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Old 12-24-2007, 04:26 PM   #1
Dave the Brewer
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Default Beer age?

I want to know what the life of beer can be in years. I know wine can age for 40 years and in the 40 years, the longer it ages the better. Now I know beer won't be good after 40 years. I was always under the impression that beer needed to be drank young; Anheuser-bush recommends that their beer be drank in 110 days. Well 120 minute Dogfish Head IPA says you can enjoy it now or let it age for a decade or so....... ??? Is this sarcasm or do they really want you to do that? Since I've been brewing, I notice that my home brew ages very well over the course of a month or two in the bottle. I havn't let one go longer than that. I guess my question is how long will beer last, how do you know what styles will last, and if it will age over time will it really improve? Thanks

I enjoy learning so please elaborate.

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Old 12-24-2007, 04:28 PM   #2
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Old 12-24-2007, 04:30 PM   #3
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And not all wines will be better in 40 years- in fact, most will NOT be good after that long. The "longer the better" adage just isn't true. Some very tannic wines need a couple of years to mellow, but after that they start to decline in quality. It really depends on so much.
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Old 12-24-2007, 08:07 PM   #4
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I think the biggest factors in aging any beer are oxidation, followed by alcohol content.
Hypothetically, a STRONG barley wine if prepared and stored properly, could last a very long time! A light beer that was oxidized at racking and bottling, and left in the hot sun, would likely last about an hour before it tasted like crap.
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Old 12-25-2007, 02:18 PM   #5
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I've had a 12 year old barley wine, which was quite nice. But most beers, like most wines, are only good for a few years. Very hoppy beers start losing their nose after 5-6 months.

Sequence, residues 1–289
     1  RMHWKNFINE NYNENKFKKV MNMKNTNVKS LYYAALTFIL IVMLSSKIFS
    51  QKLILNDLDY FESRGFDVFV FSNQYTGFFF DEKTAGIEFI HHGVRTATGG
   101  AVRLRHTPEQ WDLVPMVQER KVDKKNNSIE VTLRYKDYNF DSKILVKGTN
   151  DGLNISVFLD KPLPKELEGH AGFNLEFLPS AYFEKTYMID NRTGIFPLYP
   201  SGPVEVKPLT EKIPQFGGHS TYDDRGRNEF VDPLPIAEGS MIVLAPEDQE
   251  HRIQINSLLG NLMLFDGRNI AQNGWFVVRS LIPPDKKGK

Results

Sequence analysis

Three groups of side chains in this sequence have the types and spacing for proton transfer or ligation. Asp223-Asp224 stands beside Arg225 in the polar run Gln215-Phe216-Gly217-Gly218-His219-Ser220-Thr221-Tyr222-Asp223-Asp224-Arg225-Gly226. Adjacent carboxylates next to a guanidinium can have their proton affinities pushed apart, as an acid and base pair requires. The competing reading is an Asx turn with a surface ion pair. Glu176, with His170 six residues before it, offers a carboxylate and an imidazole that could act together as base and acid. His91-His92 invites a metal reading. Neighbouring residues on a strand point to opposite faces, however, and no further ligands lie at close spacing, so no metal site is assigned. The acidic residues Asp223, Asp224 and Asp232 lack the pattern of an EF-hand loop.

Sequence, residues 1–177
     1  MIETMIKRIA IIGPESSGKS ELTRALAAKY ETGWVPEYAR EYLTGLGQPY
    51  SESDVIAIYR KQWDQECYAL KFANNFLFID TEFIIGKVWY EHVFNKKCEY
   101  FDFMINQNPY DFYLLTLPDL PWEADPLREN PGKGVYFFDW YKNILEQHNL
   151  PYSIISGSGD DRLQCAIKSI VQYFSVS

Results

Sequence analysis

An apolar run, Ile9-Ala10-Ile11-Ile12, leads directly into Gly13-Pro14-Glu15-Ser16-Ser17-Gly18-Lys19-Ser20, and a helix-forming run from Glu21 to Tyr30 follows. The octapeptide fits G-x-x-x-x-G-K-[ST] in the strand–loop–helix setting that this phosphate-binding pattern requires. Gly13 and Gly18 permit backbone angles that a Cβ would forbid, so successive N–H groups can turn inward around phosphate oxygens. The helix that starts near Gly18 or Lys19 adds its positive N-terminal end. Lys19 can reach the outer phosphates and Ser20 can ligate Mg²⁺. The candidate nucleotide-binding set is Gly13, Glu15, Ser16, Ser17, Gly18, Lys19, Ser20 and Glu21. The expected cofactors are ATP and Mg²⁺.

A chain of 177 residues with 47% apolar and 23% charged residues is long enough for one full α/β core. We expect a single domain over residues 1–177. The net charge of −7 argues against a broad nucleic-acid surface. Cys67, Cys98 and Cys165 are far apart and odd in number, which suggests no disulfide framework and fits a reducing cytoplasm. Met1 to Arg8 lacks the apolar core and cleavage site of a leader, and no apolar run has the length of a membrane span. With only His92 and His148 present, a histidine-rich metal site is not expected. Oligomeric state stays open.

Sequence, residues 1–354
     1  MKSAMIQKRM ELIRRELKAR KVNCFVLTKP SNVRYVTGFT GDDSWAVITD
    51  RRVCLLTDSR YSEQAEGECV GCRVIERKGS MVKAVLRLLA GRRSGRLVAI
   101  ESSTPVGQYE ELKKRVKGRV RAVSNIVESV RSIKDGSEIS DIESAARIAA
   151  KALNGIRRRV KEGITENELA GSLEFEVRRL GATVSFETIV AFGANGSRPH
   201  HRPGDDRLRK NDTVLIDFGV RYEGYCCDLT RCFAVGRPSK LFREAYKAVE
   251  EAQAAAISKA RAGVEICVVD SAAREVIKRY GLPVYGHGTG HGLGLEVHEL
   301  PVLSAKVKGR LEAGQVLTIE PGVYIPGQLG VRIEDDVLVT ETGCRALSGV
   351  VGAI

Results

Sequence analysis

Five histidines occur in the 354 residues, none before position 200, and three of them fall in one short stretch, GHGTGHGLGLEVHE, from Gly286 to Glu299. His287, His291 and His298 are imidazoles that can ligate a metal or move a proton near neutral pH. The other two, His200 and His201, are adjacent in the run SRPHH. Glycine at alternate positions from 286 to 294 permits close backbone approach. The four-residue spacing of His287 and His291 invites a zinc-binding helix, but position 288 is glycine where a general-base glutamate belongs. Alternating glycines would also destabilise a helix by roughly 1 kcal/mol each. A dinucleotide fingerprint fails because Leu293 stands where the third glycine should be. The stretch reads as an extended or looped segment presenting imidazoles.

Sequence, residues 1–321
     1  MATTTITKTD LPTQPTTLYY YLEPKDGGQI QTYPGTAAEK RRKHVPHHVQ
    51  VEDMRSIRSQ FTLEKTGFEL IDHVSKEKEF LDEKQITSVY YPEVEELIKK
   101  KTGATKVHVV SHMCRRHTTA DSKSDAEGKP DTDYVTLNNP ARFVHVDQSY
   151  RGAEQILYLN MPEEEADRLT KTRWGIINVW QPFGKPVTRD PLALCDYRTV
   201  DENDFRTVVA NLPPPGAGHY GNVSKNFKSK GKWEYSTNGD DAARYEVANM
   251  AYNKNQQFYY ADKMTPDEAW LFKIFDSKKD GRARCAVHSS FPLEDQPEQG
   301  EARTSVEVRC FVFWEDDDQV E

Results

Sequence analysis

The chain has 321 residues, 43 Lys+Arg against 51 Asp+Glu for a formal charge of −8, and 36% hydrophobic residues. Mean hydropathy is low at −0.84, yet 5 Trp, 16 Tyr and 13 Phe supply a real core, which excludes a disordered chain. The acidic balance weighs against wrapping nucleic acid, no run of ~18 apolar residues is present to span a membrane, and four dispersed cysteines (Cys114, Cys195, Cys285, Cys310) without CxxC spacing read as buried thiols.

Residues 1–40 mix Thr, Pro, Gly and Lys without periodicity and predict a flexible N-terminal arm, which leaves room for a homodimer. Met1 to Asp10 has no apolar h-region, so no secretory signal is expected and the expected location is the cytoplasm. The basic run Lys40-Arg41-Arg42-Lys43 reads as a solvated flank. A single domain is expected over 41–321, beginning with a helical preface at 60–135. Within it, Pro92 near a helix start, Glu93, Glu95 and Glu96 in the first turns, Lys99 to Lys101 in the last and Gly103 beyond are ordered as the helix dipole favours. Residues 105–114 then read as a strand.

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Old 12-25-2007, 02:25 PM   #6
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I inherited some of my FIL's homebrew, which is probably five or more years old.

It's still in good condition: great carbonation and head, very clear, crisp, but the flaws in his technique are still obvious. He was one of those who used sugar instead of extra extract. Very malty, no hop presence at all. Still very drinkable, though!
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Old 12-25-2007, 06:02 PM   #7
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Here's a beer that gets mixed reviews at 30-35 years old:http://beeradvocate.com/beer/profile/342/12873
Courage RIS, some reviews are good and other seem to have bad bottles. In general, I think RIS's age really well. I am keeping some of mine for the long haul, 10-20-30? years. We'll see how they hold up.

BTW, the oldest wine I've had was from 1897(a Madeira), and was very good. Great classified growth Bordeaux's need at least few years, they don't even offer the bottles for sale unil they're around two years old, and many will age 15-30+ years without batting an eyelash.
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Old 12-26-2007, 01:03 PM   #8
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From my own naive understanding of the topic, I think it'd be wrong to say that beer necessarily gets better with age. Beer just changes with age. Depending on the characteristics of a particular beer, these changes may give a net improvement, or they may have a more negative effect. I think generally more alcoholic beers age better than lighter beers. I read a couple of reviews by Michael Jackson of strong 18-year-old beers - he described them as "madeirised". Some beers would be improved by having this flavor in, whilst others would be overpowered by it. Personally I'd rather drink younger more hoppy beers.
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Old 12-26-2007, 01:19 PM   #9
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Yeah I would say they change, sometimes for the better. Our Red Experiment passed the test with my friends the night we debuted it but I wasn't so happy. Just openned one this passed weekend our of curiosity and I have to say, I was much more pleased with how the flavor had developed, it's been at least 3 months in the bottle not cooled just sitting at room temp, and where the outside temp has changed from the 90's to the 30's.

But on the same hand I have dumped many a beer that just tasted old, left in the bottom of the fridge or back of the patry after a party.

There are bottles of Sam Adams Tripleboch on Ebay from 1997 still unopened, could see with the higher alcohol it might age up differently, also a couple 2002 Utopias(barely a beer anymore.) I've got some old liquors that are awesome, 35 year old Jim Beam distillers choice. Had an unopenned Johny Walker Red from the early 80's that was so good.

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